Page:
Themes are great for helping plan your [00:05:00] class and they really do make building your class or your programming a little bit easier, partially because it gives you that structure, but also because it helps you concentrate all of your ideas in one place. And so you can really dive a little bit deeper, I would say, because you're saying, all right, this is what I'm spotlighting this week. 

I'd say the best themes are ones that interest you and that's from your personal Pilates practice. Like, what are you working on? What are you interested in? What really struck you in a new way as you are moving your body this week, or today? If you're interested in it, your students will be too. 

I love when I take a class and the teacher says, Oh, you know, this is something that I just learned, or this is something I've been playing with because there's just more connection there. Also, you get to engage more with what's [00:06:00] going on. You can share the discoveries that you've made and help your students make some of those discoveries as well. 

So this is by no means the only themes that you can have for a class. But these are some that come to my mind when I think about planning classes and having a theme. 

You can build your class around an exercise or up to an exercise. So when you think about those peak Pilates exercises or those really challenging exercises that people tend to be working up to, or really working on, I'm thinking about the roll up or teaser or snake or piking, especially on the chair, but really anywhere, any of those like quote peak exercises. You can take an exercise, like any of the ones I listed or any other one and break it into pieces. And what are your legs doing? What are your shoulders doing? What is this body [00:07:00] shape? Can we do it in different body positions? 

You know, piking on the chair. Can we do it seated? Can we do it standing? Can we do it lying down? Can we do it on our side? Can we do it kneeling? Like all of these things can just help your students make the connections that if you want them to. Find that deep spinal flexion find that tuck of the tailbone, find that abdominal connection. You can explore it in a bunch of different ways and kind of build up to that exercise. You get to weave it in as you're working your arms, as you're working your legs, as you're doing side body, we just keep returning to that theme so that, you know, we have all the pieces we need when we get to finally working on that exercise in its entirety.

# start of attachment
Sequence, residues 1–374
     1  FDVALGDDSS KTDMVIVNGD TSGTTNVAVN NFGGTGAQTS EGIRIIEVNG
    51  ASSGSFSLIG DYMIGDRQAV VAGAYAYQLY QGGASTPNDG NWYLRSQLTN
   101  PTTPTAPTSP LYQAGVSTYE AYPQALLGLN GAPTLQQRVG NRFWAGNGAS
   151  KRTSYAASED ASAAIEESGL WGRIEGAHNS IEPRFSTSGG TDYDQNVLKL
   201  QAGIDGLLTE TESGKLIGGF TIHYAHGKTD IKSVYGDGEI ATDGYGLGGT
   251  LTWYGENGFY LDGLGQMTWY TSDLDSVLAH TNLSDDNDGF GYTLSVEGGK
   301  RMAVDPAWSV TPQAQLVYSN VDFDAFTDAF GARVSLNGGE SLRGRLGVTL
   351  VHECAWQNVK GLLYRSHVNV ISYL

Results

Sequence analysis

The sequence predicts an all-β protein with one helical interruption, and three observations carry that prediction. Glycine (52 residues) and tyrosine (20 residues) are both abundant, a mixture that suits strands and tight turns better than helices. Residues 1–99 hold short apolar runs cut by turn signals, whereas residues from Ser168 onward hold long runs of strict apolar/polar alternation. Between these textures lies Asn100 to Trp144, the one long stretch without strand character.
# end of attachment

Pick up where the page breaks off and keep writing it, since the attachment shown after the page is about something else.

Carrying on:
You can build a class around a movement. You could focus on thoracic extension, you could focus on rotation or spinal flexion. And then just like working on the exercise, can we do it in different body [00:08:00] positions? Can we do it on different pieces of equipment? Can we find that movement in a variety of different exercises, and it doesn't have to be something that happens in every exercise. 

Like if you've got to incorporate some arm work, like, okay, well maybe we can throw some thoracic extension in there, but maybe we don't. But it's just that when it shows up or maybe the most of the exercises or some of the exercises that you're choosing, you're just highlighting this movement so that students get to, again, connect with it in a new way.